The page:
South Florida shoppers wiped the turkey gravy off their lips and got in line to shop last night as Black Friday morphed backward into Thursday to kick off an ever-earlier Christmas shopping season.
Lines for the early deals began forming before sundown on Thanksgiving and the scenes at the big boxes and malls grew more hectic and even chaotic overnight.
Reporters were also out all night. Doreen Christensen of the Sun-Sentinel staked out a Plantation toy store:
Chris and Monica Thomas of Sunrise also arrived at Toys R Us at about 4:30 p.m. with the goal of bringing home a Barbie Power Wheels car, which was reduced by $150.
"You cant beat that price," said Chris Thomas shortly after 7 p.m. as they waited for the store to open. The Thomases were among the first 20 people in a line of more than 150 that snaked around the building.
It was the second Black Friday Toys R Us pre-opening camp out for Sunrise resident Amber Reul and her mom Teresa Cook of Davie.
The Miami Herald is live-tweeting the whole event. Its reporters found long lines, scarce parking and ad hoc order keeping all night into the early morning:
5:45 AM Aventura Mall Macy’s was open but the entrance to the mall from the department store was closed. The mall opens at 6. Customers could not get into the Mall from Macy’s before 6 and had to walk outside to one of the mall entrances. An employee and a security guard said that was a mistake. Cars started backing up on the mall perimeter road, but plenty of parking spaces were still available. Around the corner from the mall, three Aventura police cars, lights flashing, were stationed next to a sign warning drivers to wear a seatbelt or face a ticket.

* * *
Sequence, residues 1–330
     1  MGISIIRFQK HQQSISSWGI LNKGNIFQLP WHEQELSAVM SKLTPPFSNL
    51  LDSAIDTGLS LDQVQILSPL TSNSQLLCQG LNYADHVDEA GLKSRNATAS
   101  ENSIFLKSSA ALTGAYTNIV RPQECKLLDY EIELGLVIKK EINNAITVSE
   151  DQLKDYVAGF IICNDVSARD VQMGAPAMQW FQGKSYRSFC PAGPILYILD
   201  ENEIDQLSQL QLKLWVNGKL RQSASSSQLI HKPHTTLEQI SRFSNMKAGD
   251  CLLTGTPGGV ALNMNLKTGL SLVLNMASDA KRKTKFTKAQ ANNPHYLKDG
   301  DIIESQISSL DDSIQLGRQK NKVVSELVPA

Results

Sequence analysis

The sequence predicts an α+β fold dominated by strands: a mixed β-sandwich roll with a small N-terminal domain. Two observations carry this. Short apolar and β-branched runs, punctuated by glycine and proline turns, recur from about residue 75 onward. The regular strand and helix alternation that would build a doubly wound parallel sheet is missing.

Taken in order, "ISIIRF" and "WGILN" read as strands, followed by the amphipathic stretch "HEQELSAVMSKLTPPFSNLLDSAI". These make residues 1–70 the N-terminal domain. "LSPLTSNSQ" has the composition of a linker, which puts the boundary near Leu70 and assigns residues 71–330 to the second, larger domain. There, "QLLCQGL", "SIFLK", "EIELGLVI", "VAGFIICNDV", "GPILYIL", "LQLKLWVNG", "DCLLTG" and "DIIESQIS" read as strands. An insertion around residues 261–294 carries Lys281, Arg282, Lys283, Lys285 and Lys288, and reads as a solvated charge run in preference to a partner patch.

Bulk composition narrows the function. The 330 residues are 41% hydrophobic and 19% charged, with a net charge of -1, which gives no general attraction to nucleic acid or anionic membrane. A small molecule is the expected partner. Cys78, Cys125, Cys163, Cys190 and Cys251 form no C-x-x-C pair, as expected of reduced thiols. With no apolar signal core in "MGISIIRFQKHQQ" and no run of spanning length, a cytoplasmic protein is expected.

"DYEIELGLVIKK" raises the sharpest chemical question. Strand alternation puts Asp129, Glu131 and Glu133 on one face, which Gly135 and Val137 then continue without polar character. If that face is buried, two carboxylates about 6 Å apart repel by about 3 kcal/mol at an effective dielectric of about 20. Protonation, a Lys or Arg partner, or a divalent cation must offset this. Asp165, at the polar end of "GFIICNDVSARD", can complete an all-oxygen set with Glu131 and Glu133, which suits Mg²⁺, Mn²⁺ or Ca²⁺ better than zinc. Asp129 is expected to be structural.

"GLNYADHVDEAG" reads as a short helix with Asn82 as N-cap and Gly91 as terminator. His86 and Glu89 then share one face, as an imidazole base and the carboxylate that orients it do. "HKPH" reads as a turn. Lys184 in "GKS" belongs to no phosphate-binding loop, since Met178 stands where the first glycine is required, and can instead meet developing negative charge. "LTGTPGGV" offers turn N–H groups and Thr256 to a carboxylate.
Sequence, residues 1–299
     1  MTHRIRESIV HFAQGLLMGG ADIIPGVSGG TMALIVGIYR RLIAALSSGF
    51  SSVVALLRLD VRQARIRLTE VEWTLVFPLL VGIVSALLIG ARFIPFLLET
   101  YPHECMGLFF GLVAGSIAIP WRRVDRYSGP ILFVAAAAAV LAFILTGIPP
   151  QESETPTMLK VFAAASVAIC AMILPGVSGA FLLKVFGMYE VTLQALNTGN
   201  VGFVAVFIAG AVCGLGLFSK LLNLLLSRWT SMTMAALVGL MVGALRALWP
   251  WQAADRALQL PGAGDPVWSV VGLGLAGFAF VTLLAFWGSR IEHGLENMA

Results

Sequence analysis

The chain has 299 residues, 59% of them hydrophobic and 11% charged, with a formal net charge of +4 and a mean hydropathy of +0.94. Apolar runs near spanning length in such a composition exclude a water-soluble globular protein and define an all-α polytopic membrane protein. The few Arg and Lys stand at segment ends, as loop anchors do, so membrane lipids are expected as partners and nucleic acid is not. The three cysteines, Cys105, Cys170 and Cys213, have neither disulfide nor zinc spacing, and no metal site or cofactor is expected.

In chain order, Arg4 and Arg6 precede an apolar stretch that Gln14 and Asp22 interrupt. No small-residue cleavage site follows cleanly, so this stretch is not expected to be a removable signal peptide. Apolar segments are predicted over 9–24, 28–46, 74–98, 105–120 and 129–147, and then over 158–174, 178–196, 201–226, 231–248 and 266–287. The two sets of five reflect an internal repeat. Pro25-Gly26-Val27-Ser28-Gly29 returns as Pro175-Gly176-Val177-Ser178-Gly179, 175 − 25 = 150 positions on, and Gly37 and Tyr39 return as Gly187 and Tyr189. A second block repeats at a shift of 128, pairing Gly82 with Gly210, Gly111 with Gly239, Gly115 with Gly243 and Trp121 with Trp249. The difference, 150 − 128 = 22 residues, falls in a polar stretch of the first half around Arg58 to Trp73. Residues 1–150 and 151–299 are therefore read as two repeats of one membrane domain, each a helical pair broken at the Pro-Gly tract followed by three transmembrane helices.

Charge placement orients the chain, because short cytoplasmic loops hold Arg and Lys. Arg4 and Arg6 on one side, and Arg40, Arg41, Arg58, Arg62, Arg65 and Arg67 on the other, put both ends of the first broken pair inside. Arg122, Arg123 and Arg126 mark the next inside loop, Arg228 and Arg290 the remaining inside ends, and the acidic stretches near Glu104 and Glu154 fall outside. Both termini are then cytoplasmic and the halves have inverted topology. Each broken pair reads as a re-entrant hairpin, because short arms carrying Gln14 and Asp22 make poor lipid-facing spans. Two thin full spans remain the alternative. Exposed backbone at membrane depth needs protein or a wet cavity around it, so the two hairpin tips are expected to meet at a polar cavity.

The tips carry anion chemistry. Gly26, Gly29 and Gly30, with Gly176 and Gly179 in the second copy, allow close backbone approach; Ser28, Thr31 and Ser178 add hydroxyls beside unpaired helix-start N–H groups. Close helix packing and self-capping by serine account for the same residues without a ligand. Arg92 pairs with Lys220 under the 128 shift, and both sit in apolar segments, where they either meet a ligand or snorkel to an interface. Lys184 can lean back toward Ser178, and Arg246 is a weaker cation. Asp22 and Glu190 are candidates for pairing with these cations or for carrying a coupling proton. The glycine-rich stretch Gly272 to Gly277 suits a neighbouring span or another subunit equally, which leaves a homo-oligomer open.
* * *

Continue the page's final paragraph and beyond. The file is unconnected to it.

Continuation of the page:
3:20 AM Dadeland Mall Most shoppers are standing in line for coffee at Starbucks, eating Bourbon chicken from Kelly’s Cajun Grill, munching on a pretzel from Auntie Anne’s or taking a cat nap. Those leaving are carrying bags from Macy’s, the Disney Store, Bath and Body Works, and Victoria’s Secret.
Why do we do this? Because we must, says Politico:
The earlier hours are an effort by stores to make shopping as convenient as possible for Americans, who they fear won't spend freely during the two-month holiday season in November and December because of economic uncertainty. Many shoppers are worried about high unemployment and a package of tax increases and spending cuts known as the "fiscal cliff" that will take effect in January unless Congress passes a budget deal by then. At the same time, Americans have grown more comfortable shopping on websites that offer cheap prices and the convenience of being able to buy something from smartphones, laptops and tablet computers from just about anywhere.
But the backlash against last night's early store-opening continued. It came from Thanksgiving traditionalists, people who struggle against materialism and newspaper editorials, like this one from the Dallas Morning News, in defense of store employees:
These employees — as well as workers at Target, Sears and other retailers — believe that their crusade to save a sliver of holiday family time is a stand against heartless corporate behemoths who care more about profits than about their workforce.
The grand foe is not corporate greed. It’s the ravenous desire of consumers for stuff.
These cravings are the same ones that result in news headlines such as those from Thanksgiving night last year when a California woman, with her two children in tow, used pepper spray to attack her way to the front of the line at a Wal-Mart in order to grab a super-discounted Xbox 360 video game console.
Retailers were expecting a four percent increase in sales over last year's Black Friday. One survey predicted that 17 percent of American shoppers would be taking advantage of the controversial late Thanksgiving shopping hours.